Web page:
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Attacks on parking wardens are up 4-fold in just 12 months

PUBLISHED: 18:59 19 May 2008 | UPDATED: 13:18 05 October 2010

ATTACKS on parking wardens by angry motorists in London’s East End have quadrupled in just 12 months, Town Hall figures reveal. There were 12 physical assaults in Tower Hamlets alone from January to April, the same as the whole of 2007 and double the whole of 2006. Now the Town Hall council is warning it will prosecute anyone who attacks its staff.

ATTACKS on parking wardens by angry motorists in London's East End have quadrupled in just 12 months, Town Hall figures reveal.

There were 12 physical assaults in Tower Hamlets alone from January to April, the same as the whole of 2007 and double the whole of 2006.

Now the Town Hall is warning it will prosecute anyone who attacks its staff.

A warden has been attacked every week so far this year while enforcing parking contraventions. These include physical and verbal abuse "on a regular basis," according to a council official.

In the worst incident, a woman warden was attacked in March by two men who kicked and punched her.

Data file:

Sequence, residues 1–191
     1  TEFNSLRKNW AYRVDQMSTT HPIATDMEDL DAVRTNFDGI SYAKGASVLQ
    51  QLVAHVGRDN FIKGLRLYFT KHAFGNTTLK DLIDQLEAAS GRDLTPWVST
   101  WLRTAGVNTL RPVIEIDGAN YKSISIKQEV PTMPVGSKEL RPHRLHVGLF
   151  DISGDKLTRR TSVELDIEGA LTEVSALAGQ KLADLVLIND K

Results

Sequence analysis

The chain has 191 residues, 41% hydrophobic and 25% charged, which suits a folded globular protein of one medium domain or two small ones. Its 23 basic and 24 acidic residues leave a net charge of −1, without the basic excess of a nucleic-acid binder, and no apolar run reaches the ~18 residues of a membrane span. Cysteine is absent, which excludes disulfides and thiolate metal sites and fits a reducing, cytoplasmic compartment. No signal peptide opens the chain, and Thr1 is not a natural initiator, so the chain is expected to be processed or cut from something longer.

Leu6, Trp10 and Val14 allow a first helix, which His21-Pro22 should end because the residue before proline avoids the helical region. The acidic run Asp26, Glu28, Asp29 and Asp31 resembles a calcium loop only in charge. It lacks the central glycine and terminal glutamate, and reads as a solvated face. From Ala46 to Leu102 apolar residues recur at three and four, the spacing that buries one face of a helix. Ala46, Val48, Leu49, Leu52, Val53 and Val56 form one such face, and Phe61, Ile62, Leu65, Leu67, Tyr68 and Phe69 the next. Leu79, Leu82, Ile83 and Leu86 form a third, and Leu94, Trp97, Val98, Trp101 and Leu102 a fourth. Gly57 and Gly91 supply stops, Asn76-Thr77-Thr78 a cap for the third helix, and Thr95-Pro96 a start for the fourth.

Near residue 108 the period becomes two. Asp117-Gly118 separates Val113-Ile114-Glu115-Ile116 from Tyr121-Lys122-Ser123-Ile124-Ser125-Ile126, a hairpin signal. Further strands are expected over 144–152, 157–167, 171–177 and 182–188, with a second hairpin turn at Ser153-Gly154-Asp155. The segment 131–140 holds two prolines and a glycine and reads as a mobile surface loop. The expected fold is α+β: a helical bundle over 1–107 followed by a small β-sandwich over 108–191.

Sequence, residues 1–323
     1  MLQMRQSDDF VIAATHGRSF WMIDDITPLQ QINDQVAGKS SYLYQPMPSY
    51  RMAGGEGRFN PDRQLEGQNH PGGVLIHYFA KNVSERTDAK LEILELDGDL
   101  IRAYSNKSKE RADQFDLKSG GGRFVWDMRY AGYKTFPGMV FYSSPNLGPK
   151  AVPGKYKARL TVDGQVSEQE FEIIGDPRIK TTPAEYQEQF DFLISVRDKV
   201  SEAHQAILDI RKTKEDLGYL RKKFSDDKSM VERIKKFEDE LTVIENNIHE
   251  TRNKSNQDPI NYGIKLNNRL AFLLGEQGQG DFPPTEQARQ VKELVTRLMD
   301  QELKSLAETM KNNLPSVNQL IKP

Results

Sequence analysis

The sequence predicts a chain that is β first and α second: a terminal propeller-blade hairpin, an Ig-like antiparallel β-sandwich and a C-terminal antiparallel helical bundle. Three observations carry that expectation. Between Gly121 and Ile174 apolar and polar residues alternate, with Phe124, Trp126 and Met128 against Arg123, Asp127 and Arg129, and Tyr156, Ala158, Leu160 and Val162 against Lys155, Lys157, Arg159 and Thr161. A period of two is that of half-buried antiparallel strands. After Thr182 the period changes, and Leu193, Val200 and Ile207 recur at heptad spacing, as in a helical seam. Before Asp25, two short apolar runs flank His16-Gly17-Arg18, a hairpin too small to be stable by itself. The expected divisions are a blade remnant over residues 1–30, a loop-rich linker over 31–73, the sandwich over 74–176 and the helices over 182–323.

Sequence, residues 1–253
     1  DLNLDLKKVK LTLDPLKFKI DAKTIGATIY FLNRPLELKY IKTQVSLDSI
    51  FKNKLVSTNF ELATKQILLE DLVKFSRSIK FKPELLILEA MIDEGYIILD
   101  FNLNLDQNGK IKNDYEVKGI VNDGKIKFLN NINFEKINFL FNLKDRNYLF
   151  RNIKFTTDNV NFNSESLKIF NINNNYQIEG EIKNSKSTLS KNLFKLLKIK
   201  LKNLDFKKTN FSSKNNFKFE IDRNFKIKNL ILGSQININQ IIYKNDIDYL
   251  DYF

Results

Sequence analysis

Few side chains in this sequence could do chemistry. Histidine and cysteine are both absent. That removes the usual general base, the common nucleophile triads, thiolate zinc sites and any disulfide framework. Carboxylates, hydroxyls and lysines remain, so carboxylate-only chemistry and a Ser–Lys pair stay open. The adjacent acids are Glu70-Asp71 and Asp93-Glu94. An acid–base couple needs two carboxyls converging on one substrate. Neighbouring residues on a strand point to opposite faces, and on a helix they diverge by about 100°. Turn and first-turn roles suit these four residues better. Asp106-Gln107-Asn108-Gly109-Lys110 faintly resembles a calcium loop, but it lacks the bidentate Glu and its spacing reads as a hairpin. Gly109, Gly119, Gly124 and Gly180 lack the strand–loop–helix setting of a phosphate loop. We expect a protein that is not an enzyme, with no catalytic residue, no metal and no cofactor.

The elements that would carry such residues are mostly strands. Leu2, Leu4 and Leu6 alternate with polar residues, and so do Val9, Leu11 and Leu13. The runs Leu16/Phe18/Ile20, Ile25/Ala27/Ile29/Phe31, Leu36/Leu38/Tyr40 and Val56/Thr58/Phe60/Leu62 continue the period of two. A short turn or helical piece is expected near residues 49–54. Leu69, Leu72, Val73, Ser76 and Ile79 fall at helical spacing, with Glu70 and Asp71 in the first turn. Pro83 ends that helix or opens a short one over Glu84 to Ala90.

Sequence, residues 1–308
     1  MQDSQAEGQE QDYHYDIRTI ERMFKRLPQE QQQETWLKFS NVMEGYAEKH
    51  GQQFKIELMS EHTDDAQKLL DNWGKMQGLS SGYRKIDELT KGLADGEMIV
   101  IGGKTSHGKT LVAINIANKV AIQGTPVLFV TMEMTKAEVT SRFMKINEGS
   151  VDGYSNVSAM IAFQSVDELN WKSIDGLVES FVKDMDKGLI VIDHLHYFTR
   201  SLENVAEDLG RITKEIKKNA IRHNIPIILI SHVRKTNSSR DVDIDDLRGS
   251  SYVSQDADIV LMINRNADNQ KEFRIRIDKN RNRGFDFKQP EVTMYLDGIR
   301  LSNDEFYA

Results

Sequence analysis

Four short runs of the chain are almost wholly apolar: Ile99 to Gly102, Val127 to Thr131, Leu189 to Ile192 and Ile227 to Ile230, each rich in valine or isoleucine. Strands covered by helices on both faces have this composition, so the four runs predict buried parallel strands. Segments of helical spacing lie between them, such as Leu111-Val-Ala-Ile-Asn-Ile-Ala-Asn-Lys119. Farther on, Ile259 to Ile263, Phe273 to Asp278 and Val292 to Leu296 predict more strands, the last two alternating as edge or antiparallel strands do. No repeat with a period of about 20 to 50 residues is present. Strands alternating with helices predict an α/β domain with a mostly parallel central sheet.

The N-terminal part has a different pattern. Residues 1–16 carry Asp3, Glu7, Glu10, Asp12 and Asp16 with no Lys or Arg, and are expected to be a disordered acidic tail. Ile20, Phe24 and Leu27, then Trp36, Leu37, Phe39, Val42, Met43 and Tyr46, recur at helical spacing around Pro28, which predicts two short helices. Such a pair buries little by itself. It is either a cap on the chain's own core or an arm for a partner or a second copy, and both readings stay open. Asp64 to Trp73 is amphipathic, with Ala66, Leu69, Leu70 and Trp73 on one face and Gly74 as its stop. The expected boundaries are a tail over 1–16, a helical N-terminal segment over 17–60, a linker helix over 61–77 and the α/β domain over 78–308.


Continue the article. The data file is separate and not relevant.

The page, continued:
She had just slapped a fixed penalty notice on a vehicle when the men confronted her.

One suddenly charged at her, then both weighed in with kicks and punches.

Her leg was badly bruised and she was left shaken and stressed by the incident.

But Tower Hamlets council has been hitting back. The men were prosecuted for assault and slapped with community service orders, fined and ordered to pay costs.

"Unfortunately, horrific stories like these are not that rare," said Tower Hamlets council cabinet member Abdal Ullah.

"But it is totally unacceptable to treat anyone in this way.

"We will always seek convictions against those who assault or intimidate our staff."

He added: "We inform motorists of their right to challenge parking tickets they feel are not fair and advise them to challenge the penalty charge through our appeals process - not the parking attendant on the street."

In another incident, a warden in Spitalfields received cuts when a brick was hurled through the window of his patrol van.

He was confronted by a driver in Brick Lane who was said to have spat on him and become verbally abusive.

He and a colleague who came to his aid believed the situation had been calmed and returned to their van parked in Hanbury Street, round the corner, when a brick was suddenly thrown through the passenger window by someone involved in the initial incident.


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